Now the Colonel has only one fault (I have been definitely promised my second star in 1927, so he won't think I am flattering him with a purpose): he likes moustaches. His own is admirable, and I have no wish for him to remove it, but I think he should be equally broad-minded about mine.

"You aren't really more beautiful without it," he said. "A moustache suits you."

"My wife doesn't think so," I said firmly. I had the War Office on my side, so I could afford to be firm.

The Colonel looked at me, and then he looked out of the window, and made the following remarkable statement.

"Toby," he said gently to himself, "doesn't like clean-shaven officers."

This hadn't occurred to me; I let it sink in.

"Of course," I said at last, "one must consider one's horse. I quite see that."

"With a bicycle," he said, "it's different."

And so there you have the second reason. If the Bombing Officer rode Toby, I should shave again to-morrow, and then where would the Battalion be? Ruined.

So Toby and I go off together. Up till now he has been good to me. He has bitten one Company Commander, removed another, and led the Colonel a three-mile chase across country after him, so if any misunderstanding occurs between us there will be good precedent for it. So far my only real trouble has been once when billeting.

Billeting is delightful fun. You start three hours in advance of the battalion, which means that if the battalion leaves at eight in the morning, you are up in the fresh of the day, when the birds are singing. You arrive at the village and get from the Mayor or the Town Major a list of possible hostesses. Entering the first house (labeled "Officers 5") you say, "_Vous avez un lit pour un Officier ici, n'est-ce pas? Vive la France_!" She answers, "_Pas un lit_," and you go to the next house. "_Vous avez place pour cent hommes--oui?" "Non_," says she--and so on. By-and-by the battalion arrives, and everybody surrounds you. "Where are _my_ men going?" "Where is _my_ billet?" "Where's 'C' Company's mess?" "Have you found anything for the Pioneers?" And so one knows what it is to be popular.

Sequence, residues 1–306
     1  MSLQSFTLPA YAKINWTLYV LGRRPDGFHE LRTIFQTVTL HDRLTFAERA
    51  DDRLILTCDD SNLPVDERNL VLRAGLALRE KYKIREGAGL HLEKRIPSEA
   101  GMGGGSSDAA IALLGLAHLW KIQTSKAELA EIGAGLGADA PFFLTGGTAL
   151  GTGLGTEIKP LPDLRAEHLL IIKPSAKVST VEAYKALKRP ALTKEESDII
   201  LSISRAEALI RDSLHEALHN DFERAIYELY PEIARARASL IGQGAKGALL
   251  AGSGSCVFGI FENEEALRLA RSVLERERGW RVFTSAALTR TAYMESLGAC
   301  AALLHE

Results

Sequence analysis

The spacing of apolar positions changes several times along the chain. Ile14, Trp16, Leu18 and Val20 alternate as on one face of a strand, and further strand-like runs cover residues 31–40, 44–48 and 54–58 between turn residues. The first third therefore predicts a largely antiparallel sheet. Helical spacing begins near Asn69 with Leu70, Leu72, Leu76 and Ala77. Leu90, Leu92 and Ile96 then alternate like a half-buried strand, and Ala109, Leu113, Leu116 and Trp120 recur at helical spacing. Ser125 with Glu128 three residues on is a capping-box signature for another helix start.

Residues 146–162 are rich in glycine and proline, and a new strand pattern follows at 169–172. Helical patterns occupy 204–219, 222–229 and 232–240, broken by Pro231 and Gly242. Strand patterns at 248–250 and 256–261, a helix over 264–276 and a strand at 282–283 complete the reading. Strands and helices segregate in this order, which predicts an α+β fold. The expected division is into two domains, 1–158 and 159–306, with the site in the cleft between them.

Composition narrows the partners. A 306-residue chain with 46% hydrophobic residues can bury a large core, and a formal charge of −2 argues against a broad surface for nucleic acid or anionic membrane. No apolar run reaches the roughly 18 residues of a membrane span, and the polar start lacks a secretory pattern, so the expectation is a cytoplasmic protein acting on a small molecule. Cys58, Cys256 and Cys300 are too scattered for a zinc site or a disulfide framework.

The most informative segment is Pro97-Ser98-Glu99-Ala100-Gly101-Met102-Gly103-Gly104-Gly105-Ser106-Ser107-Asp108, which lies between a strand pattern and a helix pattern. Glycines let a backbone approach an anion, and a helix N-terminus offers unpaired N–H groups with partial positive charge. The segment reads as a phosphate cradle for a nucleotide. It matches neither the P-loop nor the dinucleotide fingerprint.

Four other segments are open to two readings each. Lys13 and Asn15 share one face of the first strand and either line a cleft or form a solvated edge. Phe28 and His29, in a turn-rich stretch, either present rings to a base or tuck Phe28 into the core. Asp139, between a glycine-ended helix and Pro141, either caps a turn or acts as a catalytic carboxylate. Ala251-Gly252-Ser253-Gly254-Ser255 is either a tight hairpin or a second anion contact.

Well, the other day the Major thought he'd come with me, just to give me an idea how it ought to be done. I say nothing of the result; but for reasons connected with Toby I hope he won't come again. For in the middle of a narrow street crowded with lorries, he jumped off his horse, flung (I think that's the expression)--flung me the reins and said, "Just wait here while I see the Mayor a moment."

The Major's horse I can describe quite shortly--a nasty big black horse.

Toby I have already described as a nice horse, but he had been knee-deep in mud, inspecting huts, for nearly half an hour, and was sick of billeting.

I need not describe two-hundred-lorries-on-a-dark-evening to you.

And so, seeing that you know the constituents, I must let you imagine how they all mixed....

* * * * *

This is a beastly war. But it has its times; and when our own particular bit of the battle is over, and what is left of the battalion is marching back to rest, I doubt if, even in England (which seems very far off), you will find two people more contented with the morning than Toby and I, as we jog along together.

[The end]
A. A. Milne's short story: Toby